D.C. Circuit upholds IRS unenrolled tax preparer program

By Sally P. Schreiber, J.D.

The Court of Appeals for the D.C. Circuit held in American Institute of Certified Public Accountants v. Internal Revenue Service, No. 16-5256 (D.C. Cir. 8/14/18), that the AICPA had standing to challenge the IRS’s voluntary Annual Filing Season Program (the Program). However, the court held for the IRS on the merits, allowing the Service to continue the Program, which had already gone into effect while AICPA’s challenge was pending.

Rejecting the AICPA’s arguments to the contrary, the court unanimously held that the program was within the statutory authority delegated to the IRS, and held over a dissenting opinion that Revenue Procedure 2014-42, which established the Program was an interpretive rule, so the IRS did not violate the Administrative Procedure Act (APA) by failing to follow notice-and-comment rulemaking procedures in promulgating it.

Participants in the Program, which is open to all tax preparers but is designed for unenrolled preparers, are given a “Record of Completion” annually after they obtain a preparer tax identification number, complete certain education and testing requirements, and agree to be subject to the requirements for practicing before the IRS in Subpart B and Section 10.51 of Circular 230, Regulations Governing Practice Before the Internal Revenue Service (slip op. at 4). They are also permitted limited representation rights, meaning they can represent clients whose returns they prepared and signed before the IRS during an audit, a right that was previously available to any unenrolled tax preparer. Participation in the Program is voluntary.

The IRS established the Program in Rev. Proc. 2014-42, which it issued without a notice-and-comment period. The Program was a response to the invalidation of an earlier attempt to regulate unenrolled tax return preparers, introduced in 2011, called the Registered Tax Return Preparer program. That program was challenged and ultimately determined to be invalid because the IRS lacked statutory authority to regulate unenrolled tax return preparers under 31 U.S.C. 330(b).

The AICPA challenged the Program in the D.C. District Court, asserting the IRS’s adoption of the Program in Rev. Proc. 2014-42 exceeded the IRS’s statutory authority and violated the APA. The district court dismissed the case, saying that the AICPA lacked constitutional standing. The D.C. Circuit reversed and remanded the case to the district court. On remand, the IRS argued that the AICPA lacked statutory standing because it did not come within the zone of interests protected or regulated by the relevant statute. The district court entered judgment on the pleadings for the IRS and dismissed the case for lack of statutory standing, and the AICPA again appealed.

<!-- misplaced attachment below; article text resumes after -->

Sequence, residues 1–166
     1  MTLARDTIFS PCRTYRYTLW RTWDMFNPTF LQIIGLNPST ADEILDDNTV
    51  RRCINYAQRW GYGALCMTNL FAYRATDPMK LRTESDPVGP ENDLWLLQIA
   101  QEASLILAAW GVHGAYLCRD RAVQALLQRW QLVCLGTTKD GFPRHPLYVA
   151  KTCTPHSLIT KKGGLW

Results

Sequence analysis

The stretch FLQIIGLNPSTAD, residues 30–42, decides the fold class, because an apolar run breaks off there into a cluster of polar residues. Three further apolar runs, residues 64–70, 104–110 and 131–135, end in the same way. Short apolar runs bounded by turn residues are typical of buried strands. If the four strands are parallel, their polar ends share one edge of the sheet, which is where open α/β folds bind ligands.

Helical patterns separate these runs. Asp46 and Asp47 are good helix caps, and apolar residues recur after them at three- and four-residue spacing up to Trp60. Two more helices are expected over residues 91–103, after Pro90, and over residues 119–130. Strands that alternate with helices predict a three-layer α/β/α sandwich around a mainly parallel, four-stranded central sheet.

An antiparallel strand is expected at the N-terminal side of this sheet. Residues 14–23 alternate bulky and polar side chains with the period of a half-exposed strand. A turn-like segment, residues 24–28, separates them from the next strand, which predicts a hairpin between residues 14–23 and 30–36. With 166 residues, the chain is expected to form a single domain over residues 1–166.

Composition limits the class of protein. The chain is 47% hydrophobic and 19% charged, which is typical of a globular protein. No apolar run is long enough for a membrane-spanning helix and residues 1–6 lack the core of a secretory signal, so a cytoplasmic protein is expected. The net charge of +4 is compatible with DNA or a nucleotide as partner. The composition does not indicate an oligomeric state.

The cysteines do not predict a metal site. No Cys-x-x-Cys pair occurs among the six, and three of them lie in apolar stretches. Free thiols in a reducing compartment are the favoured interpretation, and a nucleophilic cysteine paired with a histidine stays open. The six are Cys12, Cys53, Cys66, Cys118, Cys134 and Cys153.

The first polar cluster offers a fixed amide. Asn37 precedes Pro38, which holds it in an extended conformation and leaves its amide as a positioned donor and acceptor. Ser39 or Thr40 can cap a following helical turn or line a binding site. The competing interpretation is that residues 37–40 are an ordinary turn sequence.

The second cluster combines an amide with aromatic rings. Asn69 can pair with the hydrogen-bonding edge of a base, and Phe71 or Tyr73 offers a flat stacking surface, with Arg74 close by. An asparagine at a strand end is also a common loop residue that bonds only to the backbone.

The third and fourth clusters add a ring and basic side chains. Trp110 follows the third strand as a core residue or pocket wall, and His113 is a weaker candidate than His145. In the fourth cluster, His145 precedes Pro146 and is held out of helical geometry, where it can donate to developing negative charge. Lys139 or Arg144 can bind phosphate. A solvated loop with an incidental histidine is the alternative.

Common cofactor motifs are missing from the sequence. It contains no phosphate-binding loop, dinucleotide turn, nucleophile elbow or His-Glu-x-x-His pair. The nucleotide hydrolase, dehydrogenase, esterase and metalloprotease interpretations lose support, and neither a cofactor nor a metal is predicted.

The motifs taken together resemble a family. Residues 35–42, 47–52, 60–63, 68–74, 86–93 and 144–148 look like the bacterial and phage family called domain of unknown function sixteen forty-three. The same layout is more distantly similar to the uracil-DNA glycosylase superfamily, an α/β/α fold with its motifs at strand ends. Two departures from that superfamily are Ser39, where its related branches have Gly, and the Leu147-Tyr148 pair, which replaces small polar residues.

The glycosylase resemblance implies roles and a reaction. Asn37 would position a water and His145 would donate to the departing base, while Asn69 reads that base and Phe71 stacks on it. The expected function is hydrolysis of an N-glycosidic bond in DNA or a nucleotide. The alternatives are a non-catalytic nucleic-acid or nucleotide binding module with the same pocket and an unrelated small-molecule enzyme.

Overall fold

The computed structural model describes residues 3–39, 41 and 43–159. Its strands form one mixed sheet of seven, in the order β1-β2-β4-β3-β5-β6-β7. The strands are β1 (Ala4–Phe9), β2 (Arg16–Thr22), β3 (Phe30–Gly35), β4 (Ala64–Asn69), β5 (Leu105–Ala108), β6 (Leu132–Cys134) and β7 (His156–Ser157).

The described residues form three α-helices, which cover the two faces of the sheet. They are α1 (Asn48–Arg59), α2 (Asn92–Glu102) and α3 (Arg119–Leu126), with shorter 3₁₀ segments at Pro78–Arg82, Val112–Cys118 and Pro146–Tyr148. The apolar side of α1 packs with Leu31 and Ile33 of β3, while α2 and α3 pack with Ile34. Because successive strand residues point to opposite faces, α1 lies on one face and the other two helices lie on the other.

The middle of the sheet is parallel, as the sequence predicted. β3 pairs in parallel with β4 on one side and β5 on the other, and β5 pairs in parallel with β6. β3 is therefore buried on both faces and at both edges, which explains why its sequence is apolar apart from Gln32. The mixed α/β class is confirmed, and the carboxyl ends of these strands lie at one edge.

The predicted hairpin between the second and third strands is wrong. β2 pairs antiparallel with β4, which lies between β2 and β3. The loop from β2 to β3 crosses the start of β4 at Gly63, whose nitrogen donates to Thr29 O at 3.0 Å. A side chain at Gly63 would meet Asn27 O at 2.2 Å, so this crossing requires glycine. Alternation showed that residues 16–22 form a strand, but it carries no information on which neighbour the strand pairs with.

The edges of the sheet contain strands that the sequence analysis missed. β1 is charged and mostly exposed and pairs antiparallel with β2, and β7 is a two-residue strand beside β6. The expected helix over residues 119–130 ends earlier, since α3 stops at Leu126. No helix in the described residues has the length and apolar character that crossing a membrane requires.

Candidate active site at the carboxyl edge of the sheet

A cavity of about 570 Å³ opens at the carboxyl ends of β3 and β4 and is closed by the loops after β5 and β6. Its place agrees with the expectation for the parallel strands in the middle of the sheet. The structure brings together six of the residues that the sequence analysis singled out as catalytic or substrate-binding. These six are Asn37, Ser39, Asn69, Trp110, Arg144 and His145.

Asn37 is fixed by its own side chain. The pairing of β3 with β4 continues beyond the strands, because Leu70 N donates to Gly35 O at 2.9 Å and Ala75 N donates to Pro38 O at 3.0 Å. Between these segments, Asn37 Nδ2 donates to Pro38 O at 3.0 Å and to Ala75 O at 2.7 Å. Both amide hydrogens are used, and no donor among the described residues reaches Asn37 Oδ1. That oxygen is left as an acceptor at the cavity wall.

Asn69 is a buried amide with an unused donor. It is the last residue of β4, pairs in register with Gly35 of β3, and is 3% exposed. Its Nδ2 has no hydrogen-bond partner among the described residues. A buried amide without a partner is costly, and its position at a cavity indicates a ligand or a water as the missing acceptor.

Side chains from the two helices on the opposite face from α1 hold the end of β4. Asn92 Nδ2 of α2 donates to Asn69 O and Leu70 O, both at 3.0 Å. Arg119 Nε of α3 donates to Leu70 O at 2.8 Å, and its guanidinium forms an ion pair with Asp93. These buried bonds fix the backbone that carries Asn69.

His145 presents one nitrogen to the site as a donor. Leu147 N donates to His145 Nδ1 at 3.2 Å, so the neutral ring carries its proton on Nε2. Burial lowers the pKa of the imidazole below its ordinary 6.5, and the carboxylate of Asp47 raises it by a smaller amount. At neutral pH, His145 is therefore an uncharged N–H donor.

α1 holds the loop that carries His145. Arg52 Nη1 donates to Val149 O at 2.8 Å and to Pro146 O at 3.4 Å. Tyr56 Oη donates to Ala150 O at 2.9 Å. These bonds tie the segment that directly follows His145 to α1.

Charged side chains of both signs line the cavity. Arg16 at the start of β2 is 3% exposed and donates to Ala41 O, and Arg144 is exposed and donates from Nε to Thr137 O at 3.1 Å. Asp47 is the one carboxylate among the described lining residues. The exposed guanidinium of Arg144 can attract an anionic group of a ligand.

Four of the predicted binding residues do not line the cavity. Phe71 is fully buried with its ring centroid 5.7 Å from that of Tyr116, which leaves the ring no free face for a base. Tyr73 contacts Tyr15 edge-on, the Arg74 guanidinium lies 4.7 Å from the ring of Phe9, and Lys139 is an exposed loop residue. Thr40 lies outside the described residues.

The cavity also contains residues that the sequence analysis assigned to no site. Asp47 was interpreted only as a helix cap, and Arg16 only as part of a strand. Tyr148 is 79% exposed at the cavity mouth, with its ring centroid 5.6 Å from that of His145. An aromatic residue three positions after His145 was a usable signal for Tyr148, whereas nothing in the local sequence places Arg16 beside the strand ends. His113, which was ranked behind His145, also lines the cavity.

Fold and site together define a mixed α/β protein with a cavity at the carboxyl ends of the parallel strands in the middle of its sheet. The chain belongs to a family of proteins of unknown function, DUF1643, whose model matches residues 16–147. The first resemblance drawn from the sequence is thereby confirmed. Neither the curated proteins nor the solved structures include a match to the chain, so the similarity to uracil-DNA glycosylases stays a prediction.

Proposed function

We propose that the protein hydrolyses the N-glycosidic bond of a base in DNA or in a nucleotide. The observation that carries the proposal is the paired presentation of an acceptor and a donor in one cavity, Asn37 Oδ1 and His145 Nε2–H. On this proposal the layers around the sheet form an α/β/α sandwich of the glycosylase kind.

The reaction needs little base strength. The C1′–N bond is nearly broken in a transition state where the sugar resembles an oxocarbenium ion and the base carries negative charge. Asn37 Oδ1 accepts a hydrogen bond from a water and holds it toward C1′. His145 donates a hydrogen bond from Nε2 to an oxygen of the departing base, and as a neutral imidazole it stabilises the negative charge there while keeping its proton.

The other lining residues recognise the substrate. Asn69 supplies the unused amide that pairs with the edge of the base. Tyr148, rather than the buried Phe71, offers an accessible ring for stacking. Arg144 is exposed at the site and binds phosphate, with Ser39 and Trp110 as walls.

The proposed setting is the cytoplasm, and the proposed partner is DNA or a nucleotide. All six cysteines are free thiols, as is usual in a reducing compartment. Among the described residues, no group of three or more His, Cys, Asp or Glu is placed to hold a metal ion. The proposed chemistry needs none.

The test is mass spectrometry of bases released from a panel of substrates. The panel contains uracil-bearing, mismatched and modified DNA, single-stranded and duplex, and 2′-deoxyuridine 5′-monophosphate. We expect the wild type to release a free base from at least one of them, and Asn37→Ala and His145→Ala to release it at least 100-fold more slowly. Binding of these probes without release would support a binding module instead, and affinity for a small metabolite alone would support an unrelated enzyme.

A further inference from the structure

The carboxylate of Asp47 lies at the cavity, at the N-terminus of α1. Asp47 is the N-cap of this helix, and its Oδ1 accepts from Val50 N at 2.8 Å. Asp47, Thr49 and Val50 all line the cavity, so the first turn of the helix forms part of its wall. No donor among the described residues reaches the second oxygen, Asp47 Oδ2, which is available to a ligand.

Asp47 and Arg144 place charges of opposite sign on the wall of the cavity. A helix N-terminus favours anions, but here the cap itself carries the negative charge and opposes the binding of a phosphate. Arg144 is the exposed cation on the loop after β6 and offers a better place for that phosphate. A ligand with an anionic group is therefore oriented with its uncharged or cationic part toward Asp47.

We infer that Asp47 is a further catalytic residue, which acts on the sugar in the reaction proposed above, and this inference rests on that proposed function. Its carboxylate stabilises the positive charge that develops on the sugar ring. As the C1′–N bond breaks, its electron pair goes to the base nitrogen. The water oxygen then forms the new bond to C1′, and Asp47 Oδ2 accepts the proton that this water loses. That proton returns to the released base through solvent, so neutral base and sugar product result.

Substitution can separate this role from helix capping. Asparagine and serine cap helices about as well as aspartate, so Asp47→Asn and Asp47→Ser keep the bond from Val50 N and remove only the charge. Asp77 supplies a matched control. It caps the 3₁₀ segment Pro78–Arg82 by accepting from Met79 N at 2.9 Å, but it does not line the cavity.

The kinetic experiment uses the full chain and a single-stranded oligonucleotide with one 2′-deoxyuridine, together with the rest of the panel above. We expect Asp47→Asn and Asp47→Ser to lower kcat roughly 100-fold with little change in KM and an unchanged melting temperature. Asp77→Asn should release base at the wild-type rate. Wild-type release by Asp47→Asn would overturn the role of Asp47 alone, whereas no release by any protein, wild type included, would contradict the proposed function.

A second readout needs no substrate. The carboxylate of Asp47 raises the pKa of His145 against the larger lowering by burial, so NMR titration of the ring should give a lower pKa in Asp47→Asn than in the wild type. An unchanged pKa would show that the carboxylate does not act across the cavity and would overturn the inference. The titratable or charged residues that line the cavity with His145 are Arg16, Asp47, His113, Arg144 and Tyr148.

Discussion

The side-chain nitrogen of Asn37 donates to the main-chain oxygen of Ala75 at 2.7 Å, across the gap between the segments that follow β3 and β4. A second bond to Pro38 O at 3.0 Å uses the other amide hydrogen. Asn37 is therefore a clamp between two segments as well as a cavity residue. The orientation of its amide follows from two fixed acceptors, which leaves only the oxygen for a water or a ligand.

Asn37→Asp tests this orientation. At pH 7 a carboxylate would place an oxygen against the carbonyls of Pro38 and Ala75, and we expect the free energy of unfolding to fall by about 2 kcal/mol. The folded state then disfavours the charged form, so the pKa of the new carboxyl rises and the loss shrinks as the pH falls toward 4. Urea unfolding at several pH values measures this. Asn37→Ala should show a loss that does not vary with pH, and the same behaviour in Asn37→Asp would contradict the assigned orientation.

The D.C. Circuit reversed the lower court’s holding that the AICPA lacked standing to challenge the IRS program, explaining that the AICPA’s members have both constitutional and statutory standing because they employ unenrolled preparers and the Program increases the supervisory burdens on AICPA members with respect to those employees.

Having found that the AICPA had standing, the D.C. Circuit determined it was appropriate for it to decide the merits of the case. The AICPA argued that the Program is beyond the statutory authority delegated to the Treasury and hence to the IRS. The D.C. Circuit found that, on the contrary, the Program was within the IRS’s statutory authority under 31 U.S.C. Section 330(a) and Sec. 7803(a)(2)(A).

The AICPA also argued that the Rev. Proc. 2014-42 is a legislative rule rather than an interpretive rule and therefore had to be adopted through notice-and-comment rulemaking pursuant to the APA. The D.C. Circuit disagreed, over a dissenting opinion, finding that an agency action constitutes a legislative rule only if the agency action binds private parties or the agency itself with the “force of law.” According to the majority opinion on this issue, the revenue procedure and the Program “do not bind unenrolled preparers at all” so the rule was not a legislative rule subject to the APA requirements. The court rejected the AICPA’s arguments that the rule was legislative because it limited unenrolled tax preparers’ right to represent taxpayers before the IRS, a right that itself had been conferred through notice-and comment-rulemaking.

Thus, the D.C. Circuit held that the AICPA had standing to sue but the IRS prevailed on the merits of the case. Accordingly, it remanded the case to the district court for the purpose of entering judgment for the IRS.

Sally P. Schreiber, J.D., (Sally.Schreiber@aicpa-cima.com) is a JofA senior editor.

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